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Legislative Update – Rep. Heather Scott – District 1

Activity has really picked up for week 3 & 4 at the Capitol. Legislative Update - Rep. Heather Scott


Legislative Update

Rep. Heather Scott – District 1

January 25 through February 5 from the Boise Capitol

Activity has really picked up for week 3 & 4 at the Capitol.  Remember, you can watch or listen to all the action live at  This is also the site where you can follow bills and watch committee hearings of the house and senate sessions to see laws legislators are passing on your behalf.   It is a good resource for holding your legislators accountable.


State revenues are up approximately $125 million, and the Governor has an aggressive spending plan for 2016 and 2017.  While many agree that “improving education, expanding health care; insuring water sustainability; building new behavioral health crisis centers; exploring nuclear energy and cyber security” are important, many legislators are concerned with the Governor’s no reduction/no rebate plan.  We are working hard on various ideas to cut taxes as an alternative to his aggressive spending plans.  Reducing Idahoan’s tax burdens should be a top priority which would make us more competitive with surrounding states.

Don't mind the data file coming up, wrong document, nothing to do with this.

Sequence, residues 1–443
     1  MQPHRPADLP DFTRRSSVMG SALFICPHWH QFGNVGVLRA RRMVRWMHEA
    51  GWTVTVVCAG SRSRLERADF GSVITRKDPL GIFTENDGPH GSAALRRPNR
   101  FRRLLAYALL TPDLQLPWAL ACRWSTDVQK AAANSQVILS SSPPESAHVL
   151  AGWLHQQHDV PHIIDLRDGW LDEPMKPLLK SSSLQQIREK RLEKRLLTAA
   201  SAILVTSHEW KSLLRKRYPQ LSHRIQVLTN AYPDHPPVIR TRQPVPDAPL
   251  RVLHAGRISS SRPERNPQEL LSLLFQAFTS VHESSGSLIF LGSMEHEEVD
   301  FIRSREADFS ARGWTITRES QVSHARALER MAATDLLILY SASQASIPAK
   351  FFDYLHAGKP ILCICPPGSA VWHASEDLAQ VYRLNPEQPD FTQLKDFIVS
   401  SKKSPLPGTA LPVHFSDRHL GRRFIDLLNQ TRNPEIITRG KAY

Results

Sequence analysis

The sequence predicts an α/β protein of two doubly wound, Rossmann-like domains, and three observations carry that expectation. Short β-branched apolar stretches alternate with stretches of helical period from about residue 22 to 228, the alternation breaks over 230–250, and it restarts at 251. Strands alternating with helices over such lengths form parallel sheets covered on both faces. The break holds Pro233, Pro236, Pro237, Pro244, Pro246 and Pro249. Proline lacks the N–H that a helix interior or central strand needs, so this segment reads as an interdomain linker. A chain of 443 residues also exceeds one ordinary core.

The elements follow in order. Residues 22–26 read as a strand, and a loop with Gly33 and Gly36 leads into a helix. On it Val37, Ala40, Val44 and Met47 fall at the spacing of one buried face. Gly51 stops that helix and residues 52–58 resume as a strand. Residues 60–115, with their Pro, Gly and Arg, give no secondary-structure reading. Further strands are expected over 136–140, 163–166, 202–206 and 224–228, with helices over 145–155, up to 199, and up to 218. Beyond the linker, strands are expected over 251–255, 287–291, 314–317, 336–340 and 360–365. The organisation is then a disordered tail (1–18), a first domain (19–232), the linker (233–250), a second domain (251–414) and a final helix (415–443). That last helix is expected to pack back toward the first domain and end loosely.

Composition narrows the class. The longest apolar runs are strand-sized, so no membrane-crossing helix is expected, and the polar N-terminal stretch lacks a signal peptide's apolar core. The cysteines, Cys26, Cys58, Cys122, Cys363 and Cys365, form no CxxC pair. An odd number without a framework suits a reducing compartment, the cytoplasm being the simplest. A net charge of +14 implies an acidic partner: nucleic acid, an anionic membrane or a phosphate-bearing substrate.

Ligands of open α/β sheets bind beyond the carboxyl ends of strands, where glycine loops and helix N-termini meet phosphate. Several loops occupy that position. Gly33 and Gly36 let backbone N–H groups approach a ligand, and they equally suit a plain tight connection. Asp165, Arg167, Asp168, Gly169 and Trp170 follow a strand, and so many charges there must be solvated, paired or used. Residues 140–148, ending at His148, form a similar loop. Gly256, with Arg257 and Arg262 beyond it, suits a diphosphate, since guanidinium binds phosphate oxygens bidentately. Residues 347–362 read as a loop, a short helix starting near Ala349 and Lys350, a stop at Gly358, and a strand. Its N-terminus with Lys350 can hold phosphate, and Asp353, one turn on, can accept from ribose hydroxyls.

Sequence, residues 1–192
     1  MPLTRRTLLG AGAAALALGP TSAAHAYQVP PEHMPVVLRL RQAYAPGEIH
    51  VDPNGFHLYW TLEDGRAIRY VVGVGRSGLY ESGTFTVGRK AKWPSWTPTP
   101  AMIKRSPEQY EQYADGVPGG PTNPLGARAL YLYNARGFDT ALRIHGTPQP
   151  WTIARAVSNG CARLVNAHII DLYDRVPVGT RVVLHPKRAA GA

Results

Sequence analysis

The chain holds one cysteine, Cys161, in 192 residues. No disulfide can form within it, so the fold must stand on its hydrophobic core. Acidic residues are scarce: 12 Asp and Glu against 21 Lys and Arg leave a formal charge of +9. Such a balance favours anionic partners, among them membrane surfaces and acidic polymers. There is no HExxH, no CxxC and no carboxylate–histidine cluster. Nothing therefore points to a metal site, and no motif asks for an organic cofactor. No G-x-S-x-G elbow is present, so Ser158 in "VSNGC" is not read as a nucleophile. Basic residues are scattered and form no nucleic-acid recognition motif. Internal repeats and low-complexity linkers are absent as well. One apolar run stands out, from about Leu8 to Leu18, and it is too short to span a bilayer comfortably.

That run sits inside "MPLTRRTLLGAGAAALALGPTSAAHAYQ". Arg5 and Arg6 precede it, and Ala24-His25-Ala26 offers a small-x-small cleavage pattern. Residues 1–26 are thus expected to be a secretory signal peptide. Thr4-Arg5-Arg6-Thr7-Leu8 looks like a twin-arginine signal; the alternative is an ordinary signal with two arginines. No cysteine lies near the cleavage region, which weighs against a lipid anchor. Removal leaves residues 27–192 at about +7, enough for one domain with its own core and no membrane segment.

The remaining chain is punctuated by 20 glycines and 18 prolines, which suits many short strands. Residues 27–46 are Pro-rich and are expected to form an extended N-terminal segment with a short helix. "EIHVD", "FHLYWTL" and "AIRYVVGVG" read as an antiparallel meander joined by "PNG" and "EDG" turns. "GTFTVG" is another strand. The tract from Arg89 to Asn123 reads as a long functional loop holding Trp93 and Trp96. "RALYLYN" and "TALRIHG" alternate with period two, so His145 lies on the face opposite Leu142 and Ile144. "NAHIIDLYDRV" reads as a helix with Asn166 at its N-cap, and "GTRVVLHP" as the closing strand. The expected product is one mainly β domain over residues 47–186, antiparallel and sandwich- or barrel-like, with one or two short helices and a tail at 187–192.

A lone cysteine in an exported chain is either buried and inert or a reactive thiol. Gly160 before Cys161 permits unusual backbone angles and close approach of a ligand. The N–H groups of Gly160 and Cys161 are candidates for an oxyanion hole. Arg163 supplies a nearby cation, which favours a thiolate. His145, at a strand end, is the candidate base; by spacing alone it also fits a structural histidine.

Legislative Bill Highlights:


  • A resolution (HJR 1) to amend the Idaho Constitution to protect education assistance to Idaho students was introduced.  If passed, it will make scholarships and grants to students permissible and constitutional at any school they choose to attend.
  • Two bills (H422 and H423) to address confusion in Idaho law concerning the carrying of concealed weapons without a permit.  Both bills would allow Idahoans to carry concealed weapons without a permit anywhere in Idaho that is not prohibited by state or federal law (like schools, etc).